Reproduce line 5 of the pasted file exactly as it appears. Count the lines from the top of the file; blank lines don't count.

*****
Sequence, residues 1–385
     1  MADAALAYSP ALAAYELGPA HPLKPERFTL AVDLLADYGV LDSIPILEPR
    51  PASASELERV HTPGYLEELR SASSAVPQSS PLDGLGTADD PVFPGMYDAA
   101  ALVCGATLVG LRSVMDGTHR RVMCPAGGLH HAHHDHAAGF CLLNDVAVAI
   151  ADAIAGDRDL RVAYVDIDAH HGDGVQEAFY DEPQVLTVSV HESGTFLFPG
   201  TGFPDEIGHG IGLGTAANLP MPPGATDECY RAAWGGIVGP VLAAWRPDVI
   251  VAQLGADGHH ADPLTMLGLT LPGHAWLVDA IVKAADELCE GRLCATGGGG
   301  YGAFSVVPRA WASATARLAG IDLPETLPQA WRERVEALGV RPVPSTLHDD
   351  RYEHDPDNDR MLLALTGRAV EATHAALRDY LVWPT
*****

   151  ADAIAGDRDL RVAYVDIDAH HGDGVQEAFY DEPQVLTVSV HESGTFLFPG